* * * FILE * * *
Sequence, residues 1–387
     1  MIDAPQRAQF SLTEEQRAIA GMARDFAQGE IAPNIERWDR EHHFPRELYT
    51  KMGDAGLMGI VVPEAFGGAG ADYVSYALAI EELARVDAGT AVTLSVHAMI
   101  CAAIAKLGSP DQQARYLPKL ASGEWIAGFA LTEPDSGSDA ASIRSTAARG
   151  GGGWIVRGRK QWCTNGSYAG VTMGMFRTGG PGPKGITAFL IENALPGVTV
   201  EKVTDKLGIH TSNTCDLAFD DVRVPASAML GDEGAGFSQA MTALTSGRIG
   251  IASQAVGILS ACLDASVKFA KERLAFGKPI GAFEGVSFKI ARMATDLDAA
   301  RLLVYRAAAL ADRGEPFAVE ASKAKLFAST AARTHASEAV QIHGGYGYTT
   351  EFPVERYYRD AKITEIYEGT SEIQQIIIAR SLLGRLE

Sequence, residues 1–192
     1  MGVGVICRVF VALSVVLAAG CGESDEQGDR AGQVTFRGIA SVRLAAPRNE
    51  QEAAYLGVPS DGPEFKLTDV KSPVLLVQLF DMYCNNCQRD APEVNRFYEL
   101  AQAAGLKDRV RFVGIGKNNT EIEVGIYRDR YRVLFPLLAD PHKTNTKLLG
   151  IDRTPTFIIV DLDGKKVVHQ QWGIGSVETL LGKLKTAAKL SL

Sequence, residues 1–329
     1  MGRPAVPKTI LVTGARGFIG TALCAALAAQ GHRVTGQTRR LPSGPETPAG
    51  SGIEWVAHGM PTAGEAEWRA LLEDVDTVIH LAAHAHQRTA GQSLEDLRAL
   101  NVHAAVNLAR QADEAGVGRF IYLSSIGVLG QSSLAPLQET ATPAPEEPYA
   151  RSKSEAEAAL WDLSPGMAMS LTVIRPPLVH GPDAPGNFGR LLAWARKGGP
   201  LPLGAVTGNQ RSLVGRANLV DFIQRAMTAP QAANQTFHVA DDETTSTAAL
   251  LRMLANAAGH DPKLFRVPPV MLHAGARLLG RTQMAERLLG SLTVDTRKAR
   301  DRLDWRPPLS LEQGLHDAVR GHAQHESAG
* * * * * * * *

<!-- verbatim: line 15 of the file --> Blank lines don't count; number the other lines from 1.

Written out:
Sequence, residues 1–329